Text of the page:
To help prepare us for a series of meetings with Joe Humrichous on October 2 and 3, I am sharing articles written by Joe and originally posted at paradigm1.org
Revelation 5:12-13—Worthy is the Lamb who was slain to receive power and riches and wisdom, and strength and honor and glory and blessing!Blessing and honor and glory and power be to Him who sits on the throne, and to the Lamb, forever and ever!
The life and authority of Christ continues by regular acts of worship. Our stewardship is to maintain a first love relationship with Jesus through Scripture-based adoration. Worship is a lifestyle where we do all things for an audience of ONE. This simple yet powerful approach was perfectly modeled by Jesus Himself.
This reality is only meant to discuss the subject of worship as it relates to the church’s first love relationship with Jesus. All churches begin to lose the power of grace through faith when they leave their first love. A reviving brings new life, new life leads to new ministries, new ministries lead to new busy schedules, new initiatives, new ideas, new standards, and with good intent, we “leave town without Jesus.” He gets lost because of “the company” (Luke 2:44). The reality of church life is that we will always find ourselves fighting for first love. Our ministries will not drift into first love. Even a “purpose-driven” church must be very careful to assure that love for Jesus drives their intentions. Sometimes our ambition can become our worst enemy, especially if the Lord graces us with bountiful resources.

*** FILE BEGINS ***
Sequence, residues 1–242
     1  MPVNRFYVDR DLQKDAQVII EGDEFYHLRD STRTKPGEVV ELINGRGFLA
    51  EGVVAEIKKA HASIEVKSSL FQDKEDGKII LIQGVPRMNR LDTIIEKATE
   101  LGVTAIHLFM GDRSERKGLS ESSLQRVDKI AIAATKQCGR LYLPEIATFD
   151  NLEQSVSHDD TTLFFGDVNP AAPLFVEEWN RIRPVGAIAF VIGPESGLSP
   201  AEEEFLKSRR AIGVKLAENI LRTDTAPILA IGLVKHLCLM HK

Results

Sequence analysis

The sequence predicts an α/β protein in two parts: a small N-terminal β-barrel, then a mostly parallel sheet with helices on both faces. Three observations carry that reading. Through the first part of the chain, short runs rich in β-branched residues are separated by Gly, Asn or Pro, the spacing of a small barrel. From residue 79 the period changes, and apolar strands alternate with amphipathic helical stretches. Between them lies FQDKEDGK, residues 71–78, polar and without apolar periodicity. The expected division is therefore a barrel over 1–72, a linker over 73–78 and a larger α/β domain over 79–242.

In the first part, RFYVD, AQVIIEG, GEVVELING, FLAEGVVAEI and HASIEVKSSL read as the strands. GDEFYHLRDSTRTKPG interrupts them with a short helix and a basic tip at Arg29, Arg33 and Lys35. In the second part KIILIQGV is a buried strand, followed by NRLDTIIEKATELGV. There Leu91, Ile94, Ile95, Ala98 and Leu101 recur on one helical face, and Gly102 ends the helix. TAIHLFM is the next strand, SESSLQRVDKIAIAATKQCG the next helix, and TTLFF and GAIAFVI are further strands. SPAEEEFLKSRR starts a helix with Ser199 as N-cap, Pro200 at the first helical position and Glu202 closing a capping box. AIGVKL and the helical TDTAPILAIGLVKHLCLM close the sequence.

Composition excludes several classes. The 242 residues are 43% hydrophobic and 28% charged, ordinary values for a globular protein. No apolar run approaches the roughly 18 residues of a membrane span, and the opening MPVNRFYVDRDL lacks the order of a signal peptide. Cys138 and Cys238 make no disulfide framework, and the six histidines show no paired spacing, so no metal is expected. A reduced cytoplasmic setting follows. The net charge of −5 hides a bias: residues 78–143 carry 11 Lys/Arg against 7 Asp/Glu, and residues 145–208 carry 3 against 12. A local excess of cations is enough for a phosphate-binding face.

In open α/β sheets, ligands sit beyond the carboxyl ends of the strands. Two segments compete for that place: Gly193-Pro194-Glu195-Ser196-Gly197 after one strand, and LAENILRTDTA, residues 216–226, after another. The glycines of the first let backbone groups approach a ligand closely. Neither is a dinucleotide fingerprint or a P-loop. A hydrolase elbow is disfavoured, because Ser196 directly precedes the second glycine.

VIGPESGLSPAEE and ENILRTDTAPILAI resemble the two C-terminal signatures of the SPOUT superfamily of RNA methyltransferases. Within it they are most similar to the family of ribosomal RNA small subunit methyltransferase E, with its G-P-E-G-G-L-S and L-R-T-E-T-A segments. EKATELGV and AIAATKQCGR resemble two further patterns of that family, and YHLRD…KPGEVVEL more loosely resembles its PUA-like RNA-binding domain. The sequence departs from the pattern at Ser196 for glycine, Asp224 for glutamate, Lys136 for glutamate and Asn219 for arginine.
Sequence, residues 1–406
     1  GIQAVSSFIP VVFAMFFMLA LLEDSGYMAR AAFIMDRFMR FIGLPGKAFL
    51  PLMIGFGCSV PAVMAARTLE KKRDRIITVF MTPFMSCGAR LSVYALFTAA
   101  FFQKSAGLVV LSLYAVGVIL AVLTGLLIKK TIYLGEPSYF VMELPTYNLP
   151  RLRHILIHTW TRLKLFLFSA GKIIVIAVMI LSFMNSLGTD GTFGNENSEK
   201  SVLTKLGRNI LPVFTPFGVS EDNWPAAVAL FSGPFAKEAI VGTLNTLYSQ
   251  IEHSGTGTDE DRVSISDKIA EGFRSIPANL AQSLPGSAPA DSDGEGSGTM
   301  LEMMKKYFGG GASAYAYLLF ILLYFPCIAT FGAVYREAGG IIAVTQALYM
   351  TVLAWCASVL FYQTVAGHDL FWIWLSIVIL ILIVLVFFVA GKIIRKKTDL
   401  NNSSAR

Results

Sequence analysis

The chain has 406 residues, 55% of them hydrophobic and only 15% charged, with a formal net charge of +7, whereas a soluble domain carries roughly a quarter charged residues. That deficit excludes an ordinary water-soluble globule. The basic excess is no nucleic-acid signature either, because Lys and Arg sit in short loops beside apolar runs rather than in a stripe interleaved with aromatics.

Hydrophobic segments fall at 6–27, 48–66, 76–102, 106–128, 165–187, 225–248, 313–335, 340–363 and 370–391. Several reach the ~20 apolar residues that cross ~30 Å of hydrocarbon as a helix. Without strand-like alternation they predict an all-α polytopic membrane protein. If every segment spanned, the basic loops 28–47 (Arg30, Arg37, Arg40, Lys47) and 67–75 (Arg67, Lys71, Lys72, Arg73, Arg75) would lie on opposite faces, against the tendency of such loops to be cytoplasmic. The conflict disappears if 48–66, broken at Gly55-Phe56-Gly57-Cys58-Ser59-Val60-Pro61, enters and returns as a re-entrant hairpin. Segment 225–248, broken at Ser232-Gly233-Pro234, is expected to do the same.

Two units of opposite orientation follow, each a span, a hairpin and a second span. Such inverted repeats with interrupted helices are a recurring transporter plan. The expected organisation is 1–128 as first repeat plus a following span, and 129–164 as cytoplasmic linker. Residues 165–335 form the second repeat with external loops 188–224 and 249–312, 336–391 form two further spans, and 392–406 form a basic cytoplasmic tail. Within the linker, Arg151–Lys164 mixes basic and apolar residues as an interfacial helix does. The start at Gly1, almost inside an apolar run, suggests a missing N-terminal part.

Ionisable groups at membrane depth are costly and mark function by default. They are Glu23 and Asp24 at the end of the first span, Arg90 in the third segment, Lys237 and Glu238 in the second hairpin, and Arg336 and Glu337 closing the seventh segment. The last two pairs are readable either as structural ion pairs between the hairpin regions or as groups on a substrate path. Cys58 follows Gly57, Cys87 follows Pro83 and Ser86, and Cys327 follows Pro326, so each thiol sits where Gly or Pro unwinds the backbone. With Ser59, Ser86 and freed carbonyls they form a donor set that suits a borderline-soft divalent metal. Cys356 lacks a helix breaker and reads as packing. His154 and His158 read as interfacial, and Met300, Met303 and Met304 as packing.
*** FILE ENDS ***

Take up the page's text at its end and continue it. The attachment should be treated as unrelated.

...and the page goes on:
The Ephesian church had enjoyed great grace from God. The apostle Paul, along with Timothy and the apostle John, had started the church at Ephesus. Paul was greatly loved by the church there. When he was about to leave after reporting to them for the last time, they hugged him and kissed him and cried because he said he would never see them again (Acts 20:36-38).
The Lord Jesus, the Head of the church, our Lead Pastor, gives His assessment of this great church.
Revelation 2:2-3—I know your works, your labor, your patience, and that you cannot bear those who are evil. And you have tested those who say they are apostles and are not, and have found them liars; and you have persevered and have patience, and have labored for My name’s sake and have not become weary.
These were a suffering people who were patient, hated evil, tried false apostles, persevered, worked hard without quitting for Jesus’s name. From the outside, they looked almost perfect. But Jesus knew their hearts were growing cold toward Him and described them as having left their first love. Something we need to remember here is that when our love for Jesus cools, so does our love for each other. If we are honest, we must admit that Jesus is easier to love than people. Often, we fail to recognize that our interrupted love for Jesus compromised our church’s ministry and outreach.
Jesus, with His omnisciently accurate assessment, faithfully reveals to the Ephesian church their problems, then tells them what to do about it.
Revelation 2:4-5—Nevertheless I have this against you, that you have left your first love. Remember therefore from where you have fallen; repent and do the first works, or else I will come to you quickly and remove your lampstand from its place—unless you repent.
He gives them a divinely solemn ultimatum. They could remember, repent, and return their hearts to Him, or He would remove their candlestick! That’s scary! While we might excuse a cold heart for Jesus as an “acceptable sin,” He sees it as a reason to close a church down!
Here are some general observations:
1. A church can appear to be doing everything right and still be in trouble.
2. Leaving our first love is a sin and grieves Jesus.
3. Leaving our first love can lead to the removal of our witness as a church.
4. We can listen and change and be blessed (Revelation 2:7).
5. The Lord Himself knows all the intimate details.